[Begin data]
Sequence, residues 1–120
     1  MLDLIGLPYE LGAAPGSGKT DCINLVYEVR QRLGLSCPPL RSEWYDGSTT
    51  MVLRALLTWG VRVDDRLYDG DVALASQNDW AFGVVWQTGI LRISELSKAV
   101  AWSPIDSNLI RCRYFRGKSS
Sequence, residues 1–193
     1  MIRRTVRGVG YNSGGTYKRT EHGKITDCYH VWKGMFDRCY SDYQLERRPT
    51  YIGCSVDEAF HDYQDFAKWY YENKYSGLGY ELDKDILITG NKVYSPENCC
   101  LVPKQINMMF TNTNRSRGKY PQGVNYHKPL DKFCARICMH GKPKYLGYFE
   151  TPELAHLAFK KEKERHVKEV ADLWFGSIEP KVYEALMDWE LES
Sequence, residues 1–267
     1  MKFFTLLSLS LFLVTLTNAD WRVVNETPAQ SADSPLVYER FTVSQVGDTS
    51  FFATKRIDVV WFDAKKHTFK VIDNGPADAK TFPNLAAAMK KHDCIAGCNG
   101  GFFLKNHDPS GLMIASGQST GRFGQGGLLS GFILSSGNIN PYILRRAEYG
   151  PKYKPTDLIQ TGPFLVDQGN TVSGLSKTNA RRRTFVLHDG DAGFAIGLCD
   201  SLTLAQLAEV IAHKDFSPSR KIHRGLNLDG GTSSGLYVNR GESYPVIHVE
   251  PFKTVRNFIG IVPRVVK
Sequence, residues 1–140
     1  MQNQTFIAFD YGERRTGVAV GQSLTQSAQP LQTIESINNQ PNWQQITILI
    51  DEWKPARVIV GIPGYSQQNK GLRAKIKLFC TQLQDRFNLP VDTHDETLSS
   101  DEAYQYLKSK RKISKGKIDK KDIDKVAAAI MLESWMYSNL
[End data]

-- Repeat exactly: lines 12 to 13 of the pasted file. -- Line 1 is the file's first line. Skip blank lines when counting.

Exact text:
    51  FFATKRIDVV WFDAKKHTFK VIDNGPADAK TFPNLAAAMK KHDCIAGCNG
   101  GFFLKNHDPS GLMIASGQST GRFGQGGLLS GFILSSGNIN PYILRRAEYG